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acquired acquisition Adam Smith advance advantage afford agriculture amongst amount arts augmented Bank of England benefit branches bullion cause circumstances classes clothing coin colonial commerce commodities competition consequently consumers corn cost cultivation currency degree demand diminished dities division of employment division of labour duction effect employed enabled England equal excess exchange exertion exist expense exportation extent favourable foreign hand human improvements increase individuals interest kind labour and capital land less mankind manufacture marriages materials means measure ment metals nations nature necessary objects occasion occupation operation opulence payment perform persons political economy population possess precious metals present procure production profits proportion purchase quantity raise rate of profits raw produce regard regulations render revenue seignorage skill society soil subsistence sufficient sumer supply things tion trade value of money vidual wages wants wealth whole workmen
Página 244 - It is the maxim of every prudent master of a family, never to attempt to make at home what it will cost him more to make than to buy.
Página 244 - What is prudence in the conduct of every private family, can scarce be folly in that of a great kingdom. If a foreign country can supply us with a commodity cheaper than we ourselves can make it, better buy it of them with some part of the produce of our own industry, employed in a way in which we have some advantage.
Página 245 - Whether the advantages which one country has over another be natural or acquired, is in this respect of no consequence. As long as the one country has those advantages, and the other wants them, it will always be more advantageous for the latter rather to buy of the former than to make.
Página 344 - I shall therefore venture to acknowledge, that, not only as a man, but as a BRITISH subject, I pray for the flourishing commerce of GERMANY, SPAIN, ITALY, and even FRANCE itself. I am at least certain, that GREAT BRITAIN, and all those nations, would flourish more, did their sovereigns and ministers adopt such enlarged and benevolent sentiments towards each other.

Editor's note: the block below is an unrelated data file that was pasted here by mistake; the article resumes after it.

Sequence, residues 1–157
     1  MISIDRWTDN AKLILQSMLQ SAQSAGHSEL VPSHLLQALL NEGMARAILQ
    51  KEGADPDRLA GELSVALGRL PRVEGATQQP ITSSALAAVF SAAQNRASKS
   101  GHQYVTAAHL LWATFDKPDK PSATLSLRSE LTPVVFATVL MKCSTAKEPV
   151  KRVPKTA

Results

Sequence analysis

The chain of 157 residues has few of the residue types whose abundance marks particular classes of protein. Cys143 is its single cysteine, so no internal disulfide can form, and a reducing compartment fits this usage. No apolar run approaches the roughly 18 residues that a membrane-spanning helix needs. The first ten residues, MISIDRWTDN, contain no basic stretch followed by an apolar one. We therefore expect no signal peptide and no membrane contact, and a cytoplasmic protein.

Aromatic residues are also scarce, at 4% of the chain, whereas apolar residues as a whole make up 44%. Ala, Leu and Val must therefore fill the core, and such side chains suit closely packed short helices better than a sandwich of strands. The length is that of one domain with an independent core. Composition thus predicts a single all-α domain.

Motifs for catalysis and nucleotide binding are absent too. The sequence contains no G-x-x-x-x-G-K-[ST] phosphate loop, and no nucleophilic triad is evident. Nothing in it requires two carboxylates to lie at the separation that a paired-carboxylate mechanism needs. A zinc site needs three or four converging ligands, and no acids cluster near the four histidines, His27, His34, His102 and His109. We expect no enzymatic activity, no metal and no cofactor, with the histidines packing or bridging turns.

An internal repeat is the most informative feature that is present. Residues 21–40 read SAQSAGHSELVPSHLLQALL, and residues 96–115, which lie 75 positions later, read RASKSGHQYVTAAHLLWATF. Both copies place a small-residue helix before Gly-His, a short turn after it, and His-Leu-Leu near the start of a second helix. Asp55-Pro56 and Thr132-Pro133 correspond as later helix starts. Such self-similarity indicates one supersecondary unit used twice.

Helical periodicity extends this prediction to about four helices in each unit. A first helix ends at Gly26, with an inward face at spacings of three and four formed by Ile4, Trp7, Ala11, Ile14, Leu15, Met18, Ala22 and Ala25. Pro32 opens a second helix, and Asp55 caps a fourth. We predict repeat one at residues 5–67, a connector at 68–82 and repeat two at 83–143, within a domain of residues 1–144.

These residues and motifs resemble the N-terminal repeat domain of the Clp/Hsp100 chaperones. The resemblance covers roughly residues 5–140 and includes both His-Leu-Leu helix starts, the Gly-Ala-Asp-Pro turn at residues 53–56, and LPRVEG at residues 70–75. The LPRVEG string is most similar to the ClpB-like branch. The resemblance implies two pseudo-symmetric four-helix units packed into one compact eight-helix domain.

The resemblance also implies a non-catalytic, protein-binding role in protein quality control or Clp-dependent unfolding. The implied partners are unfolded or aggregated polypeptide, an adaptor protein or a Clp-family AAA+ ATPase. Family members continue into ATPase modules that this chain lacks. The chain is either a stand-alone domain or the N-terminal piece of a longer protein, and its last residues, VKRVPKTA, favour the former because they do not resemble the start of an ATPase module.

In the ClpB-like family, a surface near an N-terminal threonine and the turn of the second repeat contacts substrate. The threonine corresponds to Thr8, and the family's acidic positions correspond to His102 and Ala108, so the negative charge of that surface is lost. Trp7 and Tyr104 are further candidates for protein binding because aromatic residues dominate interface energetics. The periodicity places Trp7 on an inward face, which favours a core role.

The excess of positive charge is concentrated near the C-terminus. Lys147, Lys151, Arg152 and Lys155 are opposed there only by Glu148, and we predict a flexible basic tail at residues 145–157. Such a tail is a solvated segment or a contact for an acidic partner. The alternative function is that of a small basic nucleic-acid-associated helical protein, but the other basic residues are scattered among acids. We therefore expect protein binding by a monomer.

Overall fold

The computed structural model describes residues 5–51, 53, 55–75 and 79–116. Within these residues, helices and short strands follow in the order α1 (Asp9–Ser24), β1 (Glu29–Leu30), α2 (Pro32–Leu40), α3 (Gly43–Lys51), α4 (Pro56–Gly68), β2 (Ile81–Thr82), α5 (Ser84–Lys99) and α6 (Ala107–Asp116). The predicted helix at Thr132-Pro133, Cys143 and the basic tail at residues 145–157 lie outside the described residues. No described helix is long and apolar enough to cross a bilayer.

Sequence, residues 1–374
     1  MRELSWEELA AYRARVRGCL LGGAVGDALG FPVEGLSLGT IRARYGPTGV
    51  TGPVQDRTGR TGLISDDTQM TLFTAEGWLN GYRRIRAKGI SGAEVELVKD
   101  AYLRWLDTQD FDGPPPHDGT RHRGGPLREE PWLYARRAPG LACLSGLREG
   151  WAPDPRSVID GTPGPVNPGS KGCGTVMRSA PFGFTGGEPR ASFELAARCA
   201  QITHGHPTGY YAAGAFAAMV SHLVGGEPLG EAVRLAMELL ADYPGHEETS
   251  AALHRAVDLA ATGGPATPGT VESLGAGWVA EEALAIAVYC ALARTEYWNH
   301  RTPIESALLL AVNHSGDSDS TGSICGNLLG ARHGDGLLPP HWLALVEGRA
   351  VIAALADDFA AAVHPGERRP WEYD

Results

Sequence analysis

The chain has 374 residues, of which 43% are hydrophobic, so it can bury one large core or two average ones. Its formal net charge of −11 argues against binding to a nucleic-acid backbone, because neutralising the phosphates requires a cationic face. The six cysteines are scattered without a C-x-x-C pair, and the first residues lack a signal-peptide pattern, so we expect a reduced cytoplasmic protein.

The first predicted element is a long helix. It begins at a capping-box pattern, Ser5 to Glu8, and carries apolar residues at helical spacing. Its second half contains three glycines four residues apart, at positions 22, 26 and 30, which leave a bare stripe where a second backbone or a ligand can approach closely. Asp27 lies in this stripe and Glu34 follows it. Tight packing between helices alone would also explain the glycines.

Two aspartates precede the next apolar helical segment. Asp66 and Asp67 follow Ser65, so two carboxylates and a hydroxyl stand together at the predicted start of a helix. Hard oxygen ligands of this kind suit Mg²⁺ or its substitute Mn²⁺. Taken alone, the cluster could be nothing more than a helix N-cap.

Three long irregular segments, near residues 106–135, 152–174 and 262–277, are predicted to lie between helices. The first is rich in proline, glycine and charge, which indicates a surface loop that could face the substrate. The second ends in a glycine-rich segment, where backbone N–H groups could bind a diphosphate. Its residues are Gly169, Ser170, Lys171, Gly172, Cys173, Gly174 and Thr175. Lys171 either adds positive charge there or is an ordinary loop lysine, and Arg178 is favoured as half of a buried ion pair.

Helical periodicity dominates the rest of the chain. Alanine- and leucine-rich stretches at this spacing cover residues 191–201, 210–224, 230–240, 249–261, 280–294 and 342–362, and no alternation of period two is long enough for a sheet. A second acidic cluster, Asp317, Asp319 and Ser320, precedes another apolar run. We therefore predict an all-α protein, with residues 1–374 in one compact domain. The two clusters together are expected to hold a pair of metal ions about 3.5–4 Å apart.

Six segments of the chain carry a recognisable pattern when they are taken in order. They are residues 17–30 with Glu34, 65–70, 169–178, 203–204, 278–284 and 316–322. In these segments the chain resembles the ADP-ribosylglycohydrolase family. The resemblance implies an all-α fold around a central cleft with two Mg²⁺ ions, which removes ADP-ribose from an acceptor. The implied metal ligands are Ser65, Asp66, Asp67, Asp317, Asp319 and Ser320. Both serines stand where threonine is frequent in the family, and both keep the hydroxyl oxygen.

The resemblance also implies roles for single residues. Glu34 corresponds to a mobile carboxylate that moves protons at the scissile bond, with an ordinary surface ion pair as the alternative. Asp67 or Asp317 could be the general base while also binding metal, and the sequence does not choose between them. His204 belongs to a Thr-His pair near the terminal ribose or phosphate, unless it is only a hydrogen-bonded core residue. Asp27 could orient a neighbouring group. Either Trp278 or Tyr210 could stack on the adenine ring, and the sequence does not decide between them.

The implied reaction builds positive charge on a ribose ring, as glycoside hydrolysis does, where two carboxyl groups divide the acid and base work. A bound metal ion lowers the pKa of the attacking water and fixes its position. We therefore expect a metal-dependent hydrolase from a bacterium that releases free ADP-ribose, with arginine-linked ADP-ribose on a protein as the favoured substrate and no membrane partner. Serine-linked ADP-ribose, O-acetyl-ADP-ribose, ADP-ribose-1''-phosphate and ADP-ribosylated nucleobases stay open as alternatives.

Página 204 - The shepherd, the sorter of the wool, the wool-comber or carder, the dyer, the scribbler, the spinner, the weaver, the fuller, the dresser, with many others, must all join their different arts in order to complete this homely production.
Página 117 - That a little more plenty than ordinary may render some workmen idle, cannot well be doubted; but that it should have this effect upon the greater part, or that men in general should work better when they are ill fed than when they are well fed, when they are disheartened than when they are in good spirits, when they are frequently sick than when they are generally in good health, seems not very probable.
Página 135 - The demand for those who live by wages, necessarily increases with the increase of the revenue and stock of every country, and cannot possibly increase without it. The increase of revenue and stock is the increase of national wealth. The demand for those who live by wages, therefore, naturally increases with the increase of national wealth, and cannot possibly without.
Página 205 - ... in order to complete even this homely production. How many merchants and carriers, besides, must have been employed in transporting the materials from some of those workmen to others who often live in a very distant part of the country ; how much commerce and navigation in particular, how many ship-builders, sailors, sail-makers, rope-makers, must have been employed in order to bring together the different drugs made use of by the dyer, which often come from the remotest corners of the world...
Página 354 - Under a system of perfectly free commerce, each country naturally devotes its capital and labour to such employments as are most beneficial to each. This pursuit of individual advantage is admirably connected with the universal good of the whole.
Página 244 - It is certainly not employed to the greatest advantage, when it is thus directed towards an object which it can buy cheaper than it can make. The value of its annual produce is certainly more or less diminished, when it is thus turned away from producing commodities evidently of more value than the commodity which it is directed to produce.